RPG enthusiasts’ formation of a style also aligns with other cultural theories. Often applied to film and television studies, reception theory engages with how audiences receive and interpret media content. In “Encoding and Decoding in the Television Disclosure,” Stuart Hall describes the way content creators encode content while audiences decode what they consume. Hall’s work examines the semiotic codes contained in media and how cultures interpret those codes based, in part, on an application of Antonio Gramsci’s work on ‘hegemonic’ and ‘corporate’ ideological formations. With film, television, or books, the encoding/ decoding dynamic generally happens in one direction. A writer creates the content while fans receive and interpret that content. However, in the case of things like fan fiction and TTRPGs, the decoders reencode the material, becoming a gestalt of encoder and decoder. Unlike fan faction authors, TTRPG players generally perform this reencoding as a group. For the TTRPG community this sharing of ideas paralleled what Eric Zolov called a “shared repertoire,” which youth used in the Long Sixties to link themselves “to each other struggles.” Here again, TTRPG fans did not share “fashion statements, and music” but they did share “imagery” through the fictional places and personas they made. Nor were TTRPG fans sharing a political struggle per se, but they creating worlds that shared certain Eurocentric and Orientalist paradigms, these worlds were their shared repertoire and their bricolage. Therefore, the non-physical and fictional nature of their creative exchanges built a “style” that parallels but does not mimic the styles of other subcultures. Taken together Hebdige’s ideas of style, Hall’s roles of encoder and decoder, Zolov’s shared repertoire, the actions of TRPG fans in shaping their own worlds, monsters, and other materials from published materials highlights the shared threads of these theorists. These seemingly unrelated concepts intersect to create the TTRPG style. Fans shaped an enduring legacy of shared creation that manifested in a myriad of positive forms, though their biases coupled with the need for escapist entertainment to cause some unfortunate early trends. However, in both cases, reencoded material may go through a series of revisions as multiple fans or groups reinterpret the content. The elements of the TTRPGs style combined to create worlds, monsters, and other materials that reflected the homogenic make up of predominantly white, male, middle-class fans in the alert years of the hobby. Most example of place not based on Europe were filled with problematic stereotypes that Othered and exoticized non-Eurocentric lands, peoples, and cultures. Fans developed an enduring legacy of shared creation that manifested in a myriad of ways, though the biases of cultural hegemonic early fans established some unfortunate and long-lasting trends within the nascent TTRPG community.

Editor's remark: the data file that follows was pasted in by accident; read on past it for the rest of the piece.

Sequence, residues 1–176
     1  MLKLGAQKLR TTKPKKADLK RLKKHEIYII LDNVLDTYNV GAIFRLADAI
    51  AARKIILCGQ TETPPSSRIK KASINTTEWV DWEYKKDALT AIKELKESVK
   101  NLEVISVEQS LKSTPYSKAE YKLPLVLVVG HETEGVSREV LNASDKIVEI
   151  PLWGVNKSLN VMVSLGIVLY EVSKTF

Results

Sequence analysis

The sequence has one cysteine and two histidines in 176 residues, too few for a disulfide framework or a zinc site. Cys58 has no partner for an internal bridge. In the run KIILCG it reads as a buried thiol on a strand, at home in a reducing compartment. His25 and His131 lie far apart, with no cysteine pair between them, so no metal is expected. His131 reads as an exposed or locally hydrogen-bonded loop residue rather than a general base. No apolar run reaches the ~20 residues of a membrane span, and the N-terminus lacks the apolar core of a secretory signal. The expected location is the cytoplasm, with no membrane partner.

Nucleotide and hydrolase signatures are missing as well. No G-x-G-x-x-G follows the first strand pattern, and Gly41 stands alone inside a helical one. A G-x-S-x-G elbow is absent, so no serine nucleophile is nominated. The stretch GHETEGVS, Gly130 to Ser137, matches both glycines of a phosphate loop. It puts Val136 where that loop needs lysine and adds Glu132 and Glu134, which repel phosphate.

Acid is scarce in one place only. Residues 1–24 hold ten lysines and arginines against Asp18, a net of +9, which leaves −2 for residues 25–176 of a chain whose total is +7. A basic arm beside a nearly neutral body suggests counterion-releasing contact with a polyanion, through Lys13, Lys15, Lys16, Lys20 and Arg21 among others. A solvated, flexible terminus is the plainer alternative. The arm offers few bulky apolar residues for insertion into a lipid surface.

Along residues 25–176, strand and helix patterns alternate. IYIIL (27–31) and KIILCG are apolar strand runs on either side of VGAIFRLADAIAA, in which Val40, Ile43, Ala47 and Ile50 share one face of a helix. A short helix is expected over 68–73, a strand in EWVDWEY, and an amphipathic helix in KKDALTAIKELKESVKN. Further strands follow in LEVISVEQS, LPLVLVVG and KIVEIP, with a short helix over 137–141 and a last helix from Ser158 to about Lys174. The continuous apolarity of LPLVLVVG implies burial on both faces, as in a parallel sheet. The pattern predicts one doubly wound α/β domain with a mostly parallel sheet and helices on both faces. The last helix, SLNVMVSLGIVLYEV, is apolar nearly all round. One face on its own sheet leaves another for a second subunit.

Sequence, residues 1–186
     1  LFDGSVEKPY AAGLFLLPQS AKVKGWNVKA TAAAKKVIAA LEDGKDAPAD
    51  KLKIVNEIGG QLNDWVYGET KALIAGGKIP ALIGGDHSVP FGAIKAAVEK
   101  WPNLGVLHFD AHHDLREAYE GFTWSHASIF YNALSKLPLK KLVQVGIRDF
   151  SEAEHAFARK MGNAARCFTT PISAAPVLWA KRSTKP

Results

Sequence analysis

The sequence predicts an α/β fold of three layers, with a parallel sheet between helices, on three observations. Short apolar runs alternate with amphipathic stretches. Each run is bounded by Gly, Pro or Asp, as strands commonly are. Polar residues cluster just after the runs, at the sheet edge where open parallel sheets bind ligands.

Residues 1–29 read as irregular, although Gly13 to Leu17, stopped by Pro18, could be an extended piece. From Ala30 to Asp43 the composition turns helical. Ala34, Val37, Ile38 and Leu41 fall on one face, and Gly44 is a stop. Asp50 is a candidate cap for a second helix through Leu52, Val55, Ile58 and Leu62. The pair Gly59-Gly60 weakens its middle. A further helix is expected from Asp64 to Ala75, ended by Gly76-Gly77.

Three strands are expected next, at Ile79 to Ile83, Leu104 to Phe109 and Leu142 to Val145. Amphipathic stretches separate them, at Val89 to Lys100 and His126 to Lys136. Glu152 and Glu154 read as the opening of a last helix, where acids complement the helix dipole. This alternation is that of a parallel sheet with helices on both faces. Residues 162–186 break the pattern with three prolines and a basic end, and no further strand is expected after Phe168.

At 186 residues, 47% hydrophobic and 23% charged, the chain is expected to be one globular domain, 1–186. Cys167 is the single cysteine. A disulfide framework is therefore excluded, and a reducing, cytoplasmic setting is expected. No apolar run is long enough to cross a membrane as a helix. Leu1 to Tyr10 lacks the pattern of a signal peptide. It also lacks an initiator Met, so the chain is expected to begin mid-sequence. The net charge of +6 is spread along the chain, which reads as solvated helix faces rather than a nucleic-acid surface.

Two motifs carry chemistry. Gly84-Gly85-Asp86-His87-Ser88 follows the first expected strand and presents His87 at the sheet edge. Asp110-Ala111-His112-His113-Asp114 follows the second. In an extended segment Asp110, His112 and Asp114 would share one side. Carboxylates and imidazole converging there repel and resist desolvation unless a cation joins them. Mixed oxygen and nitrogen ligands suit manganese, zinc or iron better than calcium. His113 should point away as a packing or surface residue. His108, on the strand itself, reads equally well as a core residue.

On the surface, the confluence of race and gender might seem unrelated when applied to the style of the RPGs that arose in the aftermath of the Long Sixties. However, these seemingly unrelated components coalesced to contribute to the look and feel of early TTRPGs. These game realities offered a measure of control that the real world could not provide, and the ingrained cultural biases of the predominant TTRPG players in the 1970s and 1980s made race and gender relevant in sometimes subtle but significant ways. Scholars continue to debate the role of subculture as a concept when applied to the TTRPG community. Sociologist Gary Alan Fine identified the community as a distinct sub-culture. Additionally, TTRPG scholar Jennifer Grouling Cover notes that a “second wave of fandom scholars has been more careful about falling into binary thinking and has sought to explicate fandom’s role within the dominant, capitalist system.” Other scholars argue that “RPGs are not a niche subculture for a specific group of people– instead, they have a broad reach throughout geek and leisure cultures.” To reframe subcultural critiques, Esther MacCallum-Stewart and Aaron Trammell point out that Mia Consalvo proposes that the term ‘Gaming Capital’ “contextualize[s] what RPG groups are doing and avoids some of the assumptions about ‘subcultures’ having a physical aspect because gaming fans may never come together fully.” These distinctions and efforts to avoid relegating subcultures to reductive frameworks illustrate the complexities of defining the TTRPG style.